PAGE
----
|Odysseus, middle, meets the shade of|
Elpenor, left, in the Underworld.
Hermes accompanies at right.
1. Homer's Odyssey Book 11: Commonly called the Nekuia (the Dead Ones), this is Odysseus' trip to the underworld to hear the counsel of the dead prophet Tiresias, who like the other shades must be awakened from his semiconscious, afterlife slumber by drinking the blood of a sacrificial lamb. While there the hero encounters other souls, including the ghosts of Agamemnon and Achilles.
2. Euripides' Medea: The witch par excellence from antiquity, Medea is nonetheless sympathetic in Euripides' tragedy, and her power and cunning is clearly to be feared. After bartering an agreement for asylum by agreeing to cure Aegeus' impotence, she takes her revenge on her husband Jason for his decision to marry a new bride, killing the bride and then disturbingly killing her own children by Jason. She then escapes in a chariot of her father Helios, leaving a grieving Jason behind.
3. Theocritus' Idyll 2: In this enchanting poem, the Hellenistic poet narrates a fire spell chanted by the Coan girl Simaetha, cast to win back her neglectful lover. When the ashen mixture is ready and she sends it off with her maid to smear on his door, she then utters a soliloquy to the moon about her love for the young man.
4. Vergil's Aeneid Book 6: In a mirror to Odysseus' travels, Aeneas also must visit the underworld, and Vergil's vivid descriptions would later provide Dante with much of his material for the Inferno. From the echoing responses of the Sybil to the judgment of the damned in the underworld, to Aeneas' (somewhat boneheaded) lament for his ex-lover Dido, Aeneid Book 6 is a classic unto itself, and via Dante, it has become the archetype for western notions of Hell.
5. Lucan's Bellum Civile Book 6: In a direct allusion to the same book of the Aeneid (some have called this lesser-read work the anti-Aeneid), Pompey the Great's son Sextus enlists the witch Erictho to reanimate the corpse of a slain soldier from the battlefield so that he can issue a prophesy of the future. During the necromancy, the corpse prophesies the defeat of Pompey and the assassination of Julius Caesar.
6. Petronius' Satyricon 61-63: During the Cena Trimalchionis (the Dinner of Trimalchio) the guests decide to tell some ghost stories. Niceros tells the story of a fellow traveler who shed his clothes, urinated around them, and then turned into a wolf. Trimalchio follows it with a story about witches who turn a boy into straw.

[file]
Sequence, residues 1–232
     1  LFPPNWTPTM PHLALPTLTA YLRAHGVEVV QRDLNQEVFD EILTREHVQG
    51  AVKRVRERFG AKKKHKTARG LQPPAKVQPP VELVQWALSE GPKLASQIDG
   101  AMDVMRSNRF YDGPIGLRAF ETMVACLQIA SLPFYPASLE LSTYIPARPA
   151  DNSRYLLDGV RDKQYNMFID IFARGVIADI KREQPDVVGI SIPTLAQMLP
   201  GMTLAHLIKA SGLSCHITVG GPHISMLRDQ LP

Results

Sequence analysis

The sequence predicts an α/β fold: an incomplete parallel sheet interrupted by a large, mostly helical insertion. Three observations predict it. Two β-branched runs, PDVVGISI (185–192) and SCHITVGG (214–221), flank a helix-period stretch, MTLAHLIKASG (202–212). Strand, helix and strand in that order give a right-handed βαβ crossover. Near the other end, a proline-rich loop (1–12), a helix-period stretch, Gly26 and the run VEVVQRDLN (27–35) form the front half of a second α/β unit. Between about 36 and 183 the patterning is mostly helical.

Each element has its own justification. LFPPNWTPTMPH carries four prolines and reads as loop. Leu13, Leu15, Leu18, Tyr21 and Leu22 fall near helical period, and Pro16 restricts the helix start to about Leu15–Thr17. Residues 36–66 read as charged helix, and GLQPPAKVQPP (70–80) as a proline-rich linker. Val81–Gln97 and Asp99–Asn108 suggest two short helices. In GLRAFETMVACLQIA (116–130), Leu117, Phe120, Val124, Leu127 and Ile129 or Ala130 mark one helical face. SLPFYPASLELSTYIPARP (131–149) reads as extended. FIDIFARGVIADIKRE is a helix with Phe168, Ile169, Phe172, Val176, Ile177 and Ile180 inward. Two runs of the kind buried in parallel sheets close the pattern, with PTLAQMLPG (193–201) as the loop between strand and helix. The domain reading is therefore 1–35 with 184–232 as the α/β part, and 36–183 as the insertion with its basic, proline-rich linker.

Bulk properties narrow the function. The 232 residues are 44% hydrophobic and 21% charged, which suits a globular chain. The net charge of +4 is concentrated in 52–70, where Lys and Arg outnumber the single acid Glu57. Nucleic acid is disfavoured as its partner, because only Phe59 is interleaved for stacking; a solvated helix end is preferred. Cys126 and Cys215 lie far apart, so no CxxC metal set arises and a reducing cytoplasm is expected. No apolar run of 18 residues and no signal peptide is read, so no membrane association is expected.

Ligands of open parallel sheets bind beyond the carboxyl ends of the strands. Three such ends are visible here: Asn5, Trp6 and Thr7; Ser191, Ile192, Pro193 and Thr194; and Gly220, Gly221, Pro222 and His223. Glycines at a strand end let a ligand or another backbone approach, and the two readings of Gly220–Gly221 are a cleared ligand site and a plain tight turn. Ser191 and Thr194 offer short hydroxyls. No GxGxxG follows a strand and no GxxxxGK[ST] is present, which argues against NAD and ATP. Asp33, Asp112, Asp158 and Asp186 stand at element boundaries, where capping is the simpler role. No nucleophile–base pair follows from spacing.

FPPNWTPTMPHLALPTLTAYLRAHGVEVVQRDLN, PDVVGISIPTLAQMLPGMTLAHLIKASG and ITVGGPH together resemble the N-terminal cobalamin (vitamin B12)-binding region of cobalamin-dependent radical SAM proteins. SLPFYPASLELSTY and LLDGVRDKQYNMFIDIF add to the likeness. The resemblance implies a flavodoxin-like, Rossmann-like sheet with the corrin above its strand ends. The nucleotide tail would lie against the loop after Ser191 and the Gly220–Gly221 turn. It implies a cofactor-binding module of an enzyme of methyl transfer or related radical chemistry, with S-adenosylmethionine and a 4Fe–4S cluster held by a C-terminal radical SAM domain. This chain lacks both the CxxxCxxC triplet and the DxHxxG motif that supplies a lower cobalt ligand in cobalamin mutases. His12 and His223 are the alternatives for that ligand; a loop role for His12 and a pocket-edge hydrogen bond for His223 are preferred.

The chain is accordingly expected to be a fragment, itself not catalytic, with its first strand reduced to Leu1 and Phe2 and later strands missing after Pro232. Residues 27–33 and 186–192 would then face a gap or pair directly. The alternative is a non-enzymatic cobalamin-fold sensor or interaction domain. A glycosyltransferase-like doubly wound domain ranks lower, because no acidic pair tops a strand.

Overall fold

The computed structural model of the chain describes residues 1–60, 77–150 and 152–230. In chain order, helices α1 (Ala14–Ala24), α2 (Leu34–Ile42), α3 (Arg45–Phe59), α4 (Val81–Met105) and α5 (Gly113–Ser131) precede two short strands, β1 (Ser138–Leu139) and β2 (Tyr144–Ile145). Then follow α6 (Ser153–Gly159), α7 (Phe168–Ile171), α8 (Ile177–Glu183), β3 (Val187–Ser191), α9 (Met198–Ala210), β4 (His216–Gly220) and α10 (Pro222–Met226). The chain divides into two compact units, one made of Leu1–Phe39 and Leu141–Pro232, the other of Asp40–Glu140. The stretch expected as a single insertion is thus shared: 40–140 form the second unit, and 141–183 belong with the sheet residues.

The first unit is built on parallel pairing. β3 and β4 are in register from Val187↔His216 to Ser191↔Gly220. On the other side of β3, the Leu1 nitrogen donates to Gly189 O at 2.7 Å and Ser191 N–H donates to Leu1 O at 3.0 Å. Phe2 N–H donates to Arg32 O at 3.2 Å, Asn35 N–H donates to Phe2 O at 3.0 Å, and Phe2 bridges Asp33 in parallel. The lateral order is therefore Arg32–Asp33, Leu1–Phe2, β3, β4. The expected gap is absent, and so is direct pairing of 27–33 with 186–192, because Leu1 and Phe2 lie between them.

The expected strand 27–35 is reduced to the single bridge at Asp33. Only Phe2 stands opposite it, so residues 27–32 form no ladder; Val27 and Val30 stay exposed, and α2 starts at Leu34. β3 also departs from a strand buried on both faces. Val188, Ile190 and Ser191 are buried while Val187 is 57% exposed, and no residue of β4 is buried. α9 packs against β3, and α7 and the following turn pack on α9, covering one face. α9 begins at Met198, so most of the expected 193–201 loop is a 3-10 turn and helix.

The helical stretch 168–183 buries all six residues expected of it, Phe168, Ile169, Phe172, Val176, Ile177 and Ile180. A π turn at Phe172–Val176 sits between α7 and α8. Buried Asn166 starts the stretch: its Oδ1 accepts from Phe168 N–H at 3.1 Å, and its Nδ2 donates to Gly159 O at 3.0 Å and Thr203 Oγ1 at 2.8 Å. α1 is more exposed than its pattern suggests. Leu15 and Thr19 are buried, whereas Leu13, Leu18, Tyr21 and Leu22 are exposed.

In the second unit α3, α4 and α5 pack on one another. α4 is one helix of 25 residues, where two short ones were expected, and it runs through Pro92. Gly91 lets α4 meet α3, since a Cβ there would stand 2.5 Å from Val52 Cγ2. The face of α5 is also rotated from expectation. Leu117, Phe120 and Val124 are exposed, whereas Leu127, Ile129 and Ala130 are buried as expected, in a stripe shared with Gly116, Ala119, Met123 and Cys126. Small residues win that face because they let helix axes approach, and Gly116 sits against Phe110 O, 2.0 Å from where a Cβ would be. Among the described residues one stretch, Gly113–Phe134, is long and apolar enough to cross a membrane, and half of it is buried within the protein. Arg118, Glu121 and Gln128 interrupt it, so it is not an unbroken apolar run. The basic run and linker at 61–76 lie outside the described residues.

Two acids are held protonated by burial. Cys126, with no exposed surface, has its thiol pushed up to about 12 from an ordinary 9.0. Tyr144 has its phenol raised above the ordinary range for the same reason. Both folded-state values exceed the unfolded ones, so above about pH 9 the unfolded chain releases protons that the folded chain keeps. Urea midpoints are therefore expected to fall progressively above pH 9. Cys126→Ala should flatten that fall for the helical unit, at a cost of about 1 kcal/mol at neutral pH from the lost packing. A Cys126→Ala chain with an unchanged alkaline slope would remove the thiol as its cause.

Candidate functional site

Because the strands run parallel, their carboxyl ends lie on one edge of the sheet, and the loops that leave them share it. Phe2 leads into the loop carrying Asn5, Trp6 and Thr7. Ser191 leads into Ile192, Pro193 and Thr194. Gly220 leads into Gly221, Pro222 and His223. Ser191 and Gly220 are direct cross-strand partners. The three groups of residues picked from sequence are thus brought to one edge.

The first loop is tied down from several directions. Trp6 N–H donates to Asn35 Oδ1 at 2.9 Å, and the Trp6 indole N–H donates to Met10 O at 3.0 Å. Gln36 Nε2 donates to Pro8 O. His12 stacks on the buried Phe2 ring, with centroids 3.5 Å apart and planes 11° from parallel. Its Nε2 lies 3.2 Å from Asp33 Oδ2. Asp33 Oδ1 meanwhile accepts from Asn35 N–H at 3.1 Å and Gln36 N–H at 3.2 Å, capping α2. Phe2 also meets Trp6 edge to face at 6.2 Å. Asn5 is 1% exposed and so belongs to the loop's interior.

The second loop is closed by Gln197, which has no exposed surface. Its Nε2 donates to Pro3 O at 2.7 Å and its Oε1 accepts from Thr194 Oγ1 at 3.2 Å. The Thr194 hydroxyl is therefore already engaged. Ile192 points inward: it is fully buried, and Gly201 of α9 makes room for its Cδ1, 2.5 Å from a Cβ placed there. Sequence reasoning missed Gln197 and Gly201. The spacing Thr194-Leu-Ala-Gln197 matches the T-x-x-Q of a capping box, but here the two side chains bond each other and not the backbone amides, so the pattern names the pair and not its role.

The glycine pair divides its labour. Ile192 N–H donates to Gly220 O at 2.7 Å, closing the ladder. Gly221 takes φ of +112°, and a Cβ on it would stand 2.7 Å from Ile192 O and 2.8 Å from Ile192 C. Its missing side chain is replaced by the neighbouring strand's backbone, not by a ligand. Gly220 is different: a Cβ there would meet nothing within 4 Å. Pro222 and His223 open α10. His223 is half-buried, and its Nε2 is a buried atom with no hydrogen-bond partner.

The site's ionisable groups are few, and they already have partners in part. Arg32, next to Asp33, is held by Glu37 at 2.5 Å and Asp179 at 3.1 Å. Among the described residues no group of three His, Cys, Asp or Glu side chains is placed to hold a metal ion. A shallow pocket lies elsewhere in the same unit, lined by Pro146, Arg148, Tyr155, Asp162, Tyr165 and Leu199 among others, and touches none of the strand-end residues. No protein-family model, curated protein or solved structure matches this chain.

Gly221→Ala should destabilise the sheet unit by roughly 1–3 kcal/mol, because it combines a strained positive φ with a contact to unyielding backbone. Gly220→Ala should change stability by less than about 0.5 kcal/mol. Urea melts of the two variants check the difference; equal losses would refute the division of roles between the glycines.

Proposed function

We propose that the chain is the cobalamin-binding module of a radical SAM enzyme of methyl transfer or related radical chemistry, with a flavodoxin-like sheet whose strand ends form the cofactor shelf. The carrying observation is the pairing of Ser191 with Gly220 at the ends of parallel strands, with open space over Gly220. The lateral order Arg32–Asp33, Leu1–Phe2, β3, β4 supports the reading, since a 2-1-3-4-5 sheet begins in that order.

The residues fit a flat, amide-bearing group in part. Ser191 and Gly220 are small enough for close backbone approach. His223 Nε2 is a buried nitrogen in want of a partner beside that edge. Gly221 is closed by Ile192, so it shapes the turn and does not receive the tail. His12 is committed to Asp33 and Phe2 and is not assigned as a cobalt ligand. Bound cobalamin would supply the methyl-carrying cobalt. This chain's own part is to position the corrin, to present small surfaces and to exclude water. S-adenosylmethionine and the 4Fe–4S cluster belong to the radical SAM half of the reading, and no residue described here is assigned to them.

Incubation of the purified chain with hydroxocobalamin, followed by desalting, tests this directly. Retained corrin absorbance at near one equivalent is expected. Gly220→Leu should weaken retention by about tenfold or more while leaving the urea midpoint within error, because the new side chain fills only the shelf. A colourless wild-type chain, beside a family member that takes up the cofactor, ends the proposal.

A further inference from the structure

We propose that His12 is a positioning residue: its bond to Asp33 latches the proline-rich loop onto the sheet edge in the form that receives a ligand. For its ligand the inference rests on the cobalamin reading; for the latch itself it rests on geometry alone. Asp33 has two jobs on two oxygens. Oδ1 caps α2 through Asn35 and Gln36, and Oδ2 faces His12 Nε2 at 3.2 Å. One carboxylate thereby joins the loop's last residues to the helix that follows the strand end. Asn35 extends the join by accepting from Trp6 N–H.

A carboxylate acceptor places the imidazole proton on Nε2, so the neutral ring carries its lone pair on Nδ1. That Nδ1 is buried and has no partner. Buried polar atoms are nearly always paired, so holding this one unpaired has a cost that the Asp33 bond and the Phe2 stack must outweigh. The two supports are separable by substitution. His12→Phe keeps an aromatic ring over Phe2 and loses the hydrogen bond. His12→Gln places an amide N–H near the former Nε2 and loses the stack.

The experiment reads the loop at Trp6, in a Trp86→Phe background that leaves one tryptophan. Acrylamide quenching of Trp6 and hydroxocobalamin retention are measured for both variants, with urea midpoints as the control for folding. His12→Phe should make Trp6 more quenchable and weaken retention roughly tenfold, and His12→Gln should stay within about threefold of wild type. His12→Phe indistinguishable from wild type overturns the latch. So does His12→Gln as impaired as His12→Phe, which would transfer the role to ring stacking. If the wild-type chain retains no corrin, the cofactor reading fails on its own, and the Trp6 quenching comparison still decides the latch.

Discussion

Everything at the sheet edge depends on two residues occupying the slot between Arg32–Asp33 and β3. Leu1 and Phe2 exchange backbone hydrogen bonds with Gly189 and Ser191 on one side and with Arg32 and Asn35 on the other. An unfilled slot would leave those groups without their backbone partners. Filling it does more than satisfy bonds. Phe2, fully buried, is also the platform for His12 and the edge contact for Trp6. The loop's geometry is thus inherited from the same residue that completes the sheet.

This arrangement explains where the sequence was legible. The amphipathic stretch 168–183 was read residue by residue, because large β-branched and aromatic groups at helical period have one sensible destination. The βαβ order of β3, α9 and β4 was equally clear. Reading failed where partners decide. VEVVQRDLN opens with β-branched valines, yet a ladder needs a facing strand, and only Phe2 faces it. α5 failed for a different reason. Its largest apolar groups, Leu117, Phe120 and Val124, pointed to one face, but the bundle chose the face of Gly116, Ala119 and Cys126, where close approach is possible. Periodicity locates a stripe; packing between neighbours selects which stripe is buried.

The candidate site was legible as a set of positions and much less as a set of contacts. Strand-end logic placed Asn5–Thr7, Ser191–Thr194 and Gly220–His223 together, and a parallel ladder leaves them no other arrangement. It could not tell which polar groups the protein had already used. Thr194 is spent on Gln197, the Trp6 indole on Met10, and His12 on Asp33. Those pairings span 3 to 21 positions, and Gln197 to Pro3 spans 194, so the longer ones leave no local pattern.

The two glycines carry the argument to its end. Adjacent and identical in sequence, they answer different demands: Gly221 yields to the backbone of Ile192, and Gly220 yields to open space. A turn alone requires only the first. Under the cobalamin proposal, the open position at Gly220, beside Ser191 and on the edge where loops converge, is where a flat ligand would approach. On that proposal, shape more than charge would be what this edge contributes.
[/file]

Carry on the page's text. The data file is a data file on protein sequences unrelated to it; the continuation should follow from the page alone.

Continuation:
7. Pliny the Younger's Epistle 83: In this letter, Pliny inquires of Sura whether he believes in ghosts, and then relays a ghost story he himself heard: of a house in Athens which was beset by a phantom that rattled its chains at night. A particularly brave and logical philosopher decides to purchase the house and stays there. When the ghost appears, he follows it to a patch of ground, where later some bones are found wrapped in chains. When the skeletal remains are buried properly with the chains removed, the ghost goes away.
8. Lucian's Lover of Lies: A series of stories about ghosts, magic, and the supernatural, including animated statues, a near-death experience that leads the not-yet-deceased to the underworld, and ghosts who reappear to loved ones after their departure, it also features the first recorded version of The Sorcerer's Apprentice. Lucian's tales (ironically told in the mouth of a skeptic who doesn't believe in the supernatural) also include another version of Pliny's story above.
9. Apuleius' Golden Ass, Books 1-3: Lucius, a curious visitor to Thessaly (the ancient world's capital of magic) ends up staying in the home of a witch and accidentally gets turned into an ass, a condition from which he spends the rest of the work trying to cure himself. Before this transformation, two inset stories include the supernatural and the macabre. In the first in Book 1, a man tells of two witches who broke into the room where he and his friend were staying, carve out his friend's heart and replace it with a sponge, before urinating on him on the way out. The second is a recurring tale about the guarding of a corpse overnight, which leaves the guard disfigured when he fails to be alert.
Suggestions? Something glaring I overlooked? Feel free to leave them in the comments!